I don't know Joe McHugh. They say he is a competant professional and I'm sure they are right! But he has been selected to work in a area for which he is extraordinarily illprepared. He cannot interact with the people on who's behalf he is supposed to be working. This is a pity because he is guaranteed no time to ease into his position but has been despatched on a short course to "brush up" on his Irish. The fact that the Taoiseach thinks that one short course will achieve the fluency that fourteen years failed to do speaks volumes for the naivety of Enda Kenny.
"The choice I had was to stand aside from my appointment as Coimisinéir Teanga on principle to draw attention to these matters or to continue in my role and, consequently, to participate in a pretence."
Some people point to the appointment of Tom O'Donnell as Minister for the Gaeltacht in 1973 as somebody with less than fluent Irish. I actually remember him attending functions back then and hearing him speak. Though he could hardly be called an exponent of Ciceronian-rhetoric, in either language, he made his points succinctly and clearly and in Irish.
There is another difference, he was a senior minister who sat at Cabinet with the sole responsibility for the Gaeltacht. The last such.
Whether he was successful as a Gaeltacht minister is another matter - enthusiastic and active for the development of the Gaeltacht areas he was indeed. The status of Irish in the Civil Service however was demoted by his Minister for Finance, Richie Ryan and suffered a blow from which it has never recovered.
This and other administrations conduct down the years was commented on by Seán Ó Cuirreáin some months before his decision to resign in an address on the launching of Coláiste na hÉireann.
There is of course one fresh face he overlooked which has almost the same criteria as the man selected. His only disadvantage being that he is a frst time TD (This did not seem to be a problem though in other appointments!) The man I am talking about lives in a area peripheral to the Gaeltacht. He is in a constituency ripe for yet another TD from the Sinn Féin party with an articulate and enthusiastic candidate from deep with in the strongest area of the Gaeltacht straining at the leash. The difference between this Seán Kyne and the one selected is that he has demonstrated an enthusiasm for his constituents, improving the Irish he learnt in the fourteen years in order to better serve constituents living in Gaeltacht areas. He has shared information on his website and the social media networks in that language. Because of this he has earned the respect and indeed praise of many members of the public and indeed his political enemys. Contrast with Mr McHugh whose tweets and statements before his appointment are exclusively in English and he had displayed thus far no interest and indeed little knowledge of the problems experienced by Irish speakers in dealing with the state.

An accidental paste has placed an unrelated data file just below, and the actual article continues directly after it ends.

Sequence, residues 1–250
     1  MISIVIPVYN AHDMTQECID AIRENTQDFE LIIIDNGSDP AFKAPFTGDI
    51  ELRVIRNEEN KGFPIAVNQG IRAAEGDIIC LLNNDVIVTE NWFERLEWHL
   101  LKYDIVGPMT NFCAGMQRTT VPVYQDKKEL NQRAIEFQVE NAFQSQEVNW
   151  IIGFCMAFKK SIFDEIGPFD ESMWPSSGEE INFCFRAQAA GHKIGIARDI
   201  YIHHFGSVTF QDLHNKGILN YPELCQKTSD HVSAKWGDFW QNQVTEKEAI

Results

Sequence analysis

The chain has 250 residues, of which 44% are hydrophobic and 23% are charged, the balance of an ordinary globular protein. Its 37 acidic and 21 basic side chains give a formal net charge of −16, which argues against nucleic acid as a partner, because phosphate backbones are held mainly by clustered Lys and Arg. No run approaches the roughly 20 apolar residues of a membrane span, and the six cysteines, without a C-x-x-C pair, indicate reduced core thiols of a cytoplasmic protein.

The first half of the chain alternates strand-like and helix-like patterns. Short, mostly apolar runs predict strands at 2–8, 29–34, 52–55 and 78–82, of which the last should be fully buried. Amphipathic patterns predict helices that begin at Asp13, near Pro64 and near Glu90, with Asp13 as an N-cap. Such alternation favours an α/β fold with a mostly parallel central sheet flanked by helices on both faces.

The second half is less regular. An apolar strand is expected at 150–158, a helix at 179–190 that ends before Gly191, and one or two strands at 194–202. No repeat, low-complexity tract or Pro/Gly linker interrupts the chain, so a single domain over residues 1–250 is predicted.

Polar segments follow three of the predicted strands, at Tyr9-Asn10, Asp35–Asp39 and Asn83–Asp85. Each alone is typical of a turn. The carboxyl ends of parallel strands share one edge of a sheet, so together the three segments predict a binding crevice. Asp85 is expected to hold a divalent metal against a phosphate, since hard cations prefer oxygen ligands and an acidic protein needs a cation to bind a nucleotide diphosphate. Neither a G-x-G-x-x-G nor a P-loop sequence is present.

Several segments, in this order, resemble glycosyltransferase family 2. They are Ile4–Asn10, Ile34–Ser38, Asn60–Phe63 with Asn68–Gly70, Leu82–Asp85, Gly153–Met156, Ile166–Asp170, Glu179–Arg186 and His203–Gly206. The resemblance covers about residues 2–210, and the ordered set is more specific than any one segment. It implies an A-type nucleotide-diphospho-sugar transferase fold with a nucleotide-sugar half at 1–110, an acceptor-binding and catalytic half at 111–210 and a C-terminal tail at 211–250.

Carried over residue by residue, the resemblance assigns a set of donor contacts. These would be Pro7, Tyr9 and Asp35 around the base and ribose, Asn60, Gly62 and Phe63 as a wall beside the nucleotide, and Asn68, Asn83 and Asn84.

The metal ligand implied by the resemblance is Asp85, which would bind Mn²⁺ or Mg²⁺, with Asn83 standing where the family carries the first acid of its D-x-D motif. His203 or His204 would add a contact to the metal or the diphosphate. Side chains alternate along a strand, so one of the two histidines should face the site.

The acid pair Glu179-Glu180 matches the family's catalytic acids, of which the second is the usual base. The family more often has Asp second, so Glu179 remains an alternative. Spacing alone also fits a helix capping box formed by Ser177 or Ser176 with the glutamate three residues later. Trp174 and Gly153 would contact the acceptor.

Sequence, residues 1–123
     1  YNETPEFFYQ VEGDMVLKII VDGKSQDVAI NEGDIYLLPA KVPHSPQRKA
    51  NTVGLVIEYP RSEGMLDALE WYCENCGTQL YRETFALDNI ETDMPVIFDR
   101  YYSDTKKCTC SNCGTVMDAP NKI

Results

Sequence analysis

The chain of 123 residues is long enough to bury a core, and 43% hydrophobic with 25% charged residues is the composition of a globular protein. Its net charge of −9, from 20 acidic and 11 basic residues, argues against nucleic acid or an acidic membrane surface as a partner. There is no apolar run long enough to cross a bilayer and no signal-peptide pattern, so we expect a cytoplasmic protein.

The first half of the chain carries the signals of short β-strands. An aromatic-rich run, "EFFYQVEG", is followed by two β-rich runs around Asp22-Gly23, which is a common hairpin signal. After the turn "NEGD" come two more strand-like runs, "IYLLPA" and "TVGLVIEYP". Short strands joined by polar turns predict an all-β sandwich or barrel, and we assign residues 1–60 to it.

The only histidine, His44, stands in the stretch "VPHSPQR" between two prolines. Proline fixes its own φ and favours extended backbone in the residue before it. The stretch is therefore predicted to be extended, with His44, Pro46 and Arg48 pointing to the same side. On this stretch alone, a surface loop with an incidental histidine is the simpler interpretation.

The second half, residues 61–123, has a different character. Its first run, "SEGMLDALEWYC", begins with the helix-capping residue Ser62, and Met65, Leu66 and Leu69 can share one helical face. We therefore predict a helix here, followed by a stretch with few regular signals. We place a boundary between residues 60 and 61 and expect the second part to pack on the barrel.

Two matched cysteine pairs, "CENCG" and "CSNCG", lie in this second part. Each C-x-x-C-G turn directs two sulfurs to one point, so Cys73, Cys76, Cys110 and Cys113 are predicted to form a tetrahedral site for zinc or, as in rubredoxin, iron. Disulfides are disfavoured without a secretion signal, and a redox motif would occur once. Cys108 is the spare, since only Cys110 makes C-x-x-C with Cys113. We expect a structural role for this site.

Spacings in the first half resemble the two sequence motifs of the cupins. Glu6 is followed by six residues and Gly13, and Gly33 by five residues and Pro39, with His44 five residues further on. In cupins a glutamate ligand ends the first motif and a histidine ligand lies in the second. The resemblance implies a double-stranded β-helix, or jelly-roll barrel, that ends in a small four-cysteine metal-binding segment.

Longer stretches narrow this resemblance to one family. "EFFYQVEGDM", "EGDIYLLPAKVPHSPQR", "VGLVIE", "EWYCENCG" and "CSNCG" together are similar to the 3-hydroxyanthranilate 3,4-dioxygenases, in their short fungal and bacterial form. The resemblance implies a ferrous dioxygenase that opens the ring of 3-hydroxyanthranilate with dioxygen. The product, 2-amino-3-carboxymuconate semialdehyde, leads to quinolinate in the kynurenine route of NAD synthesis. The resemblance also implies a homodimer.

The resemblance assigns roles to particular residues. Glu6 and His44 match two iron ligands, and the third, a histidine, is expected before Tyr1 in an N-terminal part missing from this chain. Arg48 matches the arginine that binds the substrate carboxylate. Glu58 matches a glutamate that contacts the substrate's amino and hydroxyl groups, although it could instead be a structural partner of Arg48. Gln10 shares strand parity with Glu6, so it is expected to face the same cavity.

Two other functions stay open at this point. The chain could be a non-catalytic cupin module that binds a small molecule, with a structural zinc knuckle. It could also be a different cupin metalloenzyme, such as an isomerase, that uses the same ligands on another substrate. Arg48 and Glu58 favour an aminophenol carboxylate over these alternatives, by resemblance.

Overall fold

Many Irish people were incredulous when the "Irish" Daily Mail's main headline, "An insult to our language!" And look at this from the Belfast Telegraph - New Gaeltacht ministers who can't speak Irish 'will become fluent'
|Champion of the Irish Language!|
A tweet which says, "The whole thing reads like an unaired epsode from Fr Ted," directs to this article in the Irish Independent! The story even reached the hallowed pages of the BBC's Europe site, "Irish protest as 'rusty' minister Joe McHugh books course!" and God alone where else!
All these comments and accounts point to an understanding of this Government's and the whole State Bureaucracy's attitude as “Speak Irish among yourselves, but don’t speak it to us!”
The "language question" is extremly complex in all juristrictions. One just has to follow the tweets of Indigenous Tweets to see that. or to read the report of the first International Conference of Language Commissioners and Ombudsman to realize that. Perhaps one of the Canadian Commissioners encapsulted the philosophy behind language rights in a single sentence, "We are talking not only about rights here but about the right thing to do!"
Enda Kenny has not done the right thing.
But at least he's not a woman....
• "The middle classes think it a sign of vulgarity to speak Irish."
Thomas Davis, Young Ireland, 1845
• "We must bring pressure upon our politicians not to snuff it (Irish) out by their tacit discouragement merely because they do not happen themselves to understand it."
• "There can be no greater delusion than to imagine that a language can be kept alive alone by teaching."
Eoin Mac Neill (1900)
"I believe that the language is continuously being edged aside, pushed towards the margins of society and that includes much of the public sector. I would not support the premise that the fault lies primarily with politicians but it appears to me, notwithstanding those within the State sector who support the language, that there are stronger and more widespread forces in place who have little or no concern for the future of our national language"